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Brands responding to the economic climate with Susan Baier and Drew McLellan | On Top of PR podcast

By On Top of PR

On Top of PR podcast: Brands and the economic climate with guests Susan Baier and Drew McLellan and show host Jason Mudd episode graphicLearn the three ways brands are responding to the current economic climate and why you shouldn’t ditch your marketing efforts during a recession with Susan Baier, president of Audience Audit and Drew McLellan, CEO of Agency Management Institute.

 

Guest:

Susan Baier has been a marketing strategist and researcher for more than 30 years and specializes in analyzing audiences. 

 

For almost 30+ years, Drew McLellan has been in the advertising industry and advised hundreds of small to mid-sized agencies on how to grow and become more profitable.

 

Topic: 

The one with Susan Baier and Drew McLellan on why you shouldn’t ditch your marketing efforts during a recession.

 

 

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Five things you’ll learn from this episode:

  1. What three ways brands are responding to the economic climate.

  2. Why brands who are actively building attention and being aggressive in their marketing efforts will win out over their competition when the recession is over.

  3. How to work with an outside agency during this time of uncertainty.

  4. Why agencies are the best resource to aid their clients during an economic downturn.

  5. Why you should never stop telling the story of your brand.

Quotables

  • “You can't stop running your business and making good decisions just because the economy is not as robust as it was.” — @DrewMcLellan

  • “There's always opportunity if you are wired to look for and take advantage of that opportunity.” — @DrewMcLellan

  • “When a brand goes dark during an economic downturn, they lose market share, they never get back. And a brand who accelerates and amplifies their voice during a downturn gains market share that they never lose.” — @DrewMcLellan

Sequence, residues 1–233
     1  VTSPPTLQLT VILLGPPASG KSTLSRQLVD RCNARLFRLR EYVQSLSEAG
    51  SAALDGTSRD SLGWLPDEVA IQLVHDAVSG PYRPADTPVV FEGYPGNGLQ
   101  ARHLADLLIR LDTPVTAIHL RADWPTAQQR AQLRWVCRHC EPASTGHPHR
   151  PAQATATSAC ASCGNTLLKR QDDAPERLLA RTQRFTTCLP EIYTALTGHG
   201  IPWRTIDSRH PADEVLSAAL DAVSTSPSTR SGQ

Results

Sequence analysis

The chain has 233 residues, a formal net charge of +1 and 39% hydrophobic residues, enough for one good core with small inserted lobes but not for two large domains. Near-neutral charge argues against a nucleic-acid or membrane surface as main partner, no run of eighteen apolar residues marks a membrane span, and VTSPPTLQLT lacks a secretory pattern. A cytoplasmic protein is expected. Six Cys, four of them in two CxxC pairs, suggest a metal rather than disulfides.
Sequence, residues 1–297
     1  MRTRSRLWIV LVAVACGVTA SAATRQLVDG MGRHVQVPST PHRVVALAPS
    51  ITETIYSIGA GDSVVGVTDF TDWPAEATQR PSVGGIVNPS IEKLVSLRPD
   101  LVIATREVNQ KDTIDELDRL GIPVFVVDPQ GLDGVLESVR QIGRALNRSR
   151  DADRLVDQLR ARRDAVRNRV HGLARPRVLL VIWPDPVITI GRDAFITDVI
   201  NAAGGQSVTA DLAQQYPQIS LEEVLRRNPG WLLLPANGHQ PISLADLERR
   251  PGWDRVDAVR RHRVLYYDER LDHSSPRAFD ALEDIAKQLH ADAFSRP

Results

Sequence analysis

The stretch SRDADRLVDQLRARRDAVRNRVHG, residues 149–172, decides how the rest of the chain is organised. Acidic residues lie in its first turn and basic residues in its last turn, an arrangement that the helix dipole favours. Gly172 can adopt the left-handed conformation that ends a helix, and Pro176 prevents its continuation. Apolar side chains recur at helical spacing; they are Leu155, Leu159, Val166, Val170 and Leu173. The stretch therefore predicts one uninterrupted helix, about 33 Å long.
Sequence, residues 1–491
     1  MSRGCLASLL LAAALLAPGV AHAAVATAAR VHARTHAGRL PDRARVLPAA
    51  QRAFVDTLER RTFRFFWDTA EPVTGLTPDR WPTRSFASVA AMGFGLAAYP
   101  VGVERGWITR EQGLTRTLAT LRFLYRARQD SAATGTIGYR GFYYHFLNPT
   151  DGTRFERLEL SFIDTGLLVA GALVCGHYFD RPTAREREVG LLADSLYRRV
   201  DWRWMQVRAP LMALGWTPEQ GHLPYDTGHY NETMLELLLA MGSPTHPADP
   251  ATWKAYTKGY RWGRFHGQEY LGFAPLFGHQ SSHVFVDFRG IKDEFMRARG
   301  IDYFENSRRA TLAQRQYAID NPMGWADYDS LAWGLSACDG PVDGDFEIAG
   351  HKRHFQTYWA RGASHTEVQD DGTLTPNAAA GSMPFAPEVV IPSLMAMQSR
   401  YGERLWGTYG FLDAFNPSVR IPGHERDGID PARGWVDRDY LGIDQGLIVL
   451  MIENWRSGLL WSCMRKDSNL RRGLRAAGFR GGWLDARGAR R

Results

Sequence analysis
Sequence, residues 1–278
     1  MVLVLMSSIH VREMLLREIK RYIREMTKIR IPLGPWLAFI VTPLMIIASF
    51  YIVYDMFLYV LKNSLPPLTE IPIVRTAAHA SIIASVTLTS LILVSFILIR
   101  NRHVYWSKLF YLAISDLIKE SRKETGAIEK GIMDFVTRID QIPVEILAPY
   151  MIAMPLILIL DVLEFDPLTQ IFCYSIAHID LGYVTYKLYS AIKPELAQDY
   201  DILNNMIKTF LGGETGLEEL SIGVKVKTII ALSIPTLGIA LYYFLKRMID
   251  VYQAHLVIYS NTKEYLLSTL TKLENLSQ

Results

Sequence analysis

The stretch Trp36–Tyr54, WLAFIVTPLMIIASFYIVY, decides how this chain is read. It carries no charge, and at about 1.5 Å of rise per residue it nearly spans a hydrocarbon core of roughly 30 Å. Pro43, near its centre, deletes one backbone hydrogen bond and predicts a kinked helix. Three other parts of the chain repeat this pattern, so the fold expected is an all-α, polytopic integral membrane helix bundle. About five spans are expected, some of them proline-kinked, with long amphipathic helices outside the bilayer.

• “Companies of all sizes want their agencies helping them strategically and they're really looking to them for advice.” — @susanbaier

  • “Agencies have a bird's eye view on what's working not just for you, but for their other clients.” — @DrewMcLellan

  • “I think it's important to remember that agencies and clients are a symbiotic relationship. They work well together, they survive together.” — @susanbaier

If you enjoyed the episode, would you please leave us a review?

 

About Susan Baier

A marketing strategist and researcher for more than 30 years, Susan is an audience specialist. She crafts custom attitudinal segmentation research for agencies and marketers for B2C, B2B, and higher ed organizations including Gap, AT&T, Jayco, Tufts University, and more. 

 

About Drew McLellan

For almost 30+ years, Drew McLellan has been in the advertising industry. He started his career at Y&R, worked in boutique-sized agencies, and then started his own agency in 1995, which he still owns and runs. Additionally, McLellan owns and leads Agency Management Institute, which advises hundreds of small to mid-sized agencies on how to grow their agencies profitability through agency owner peer groups, consulting, coaching, workshops, and more.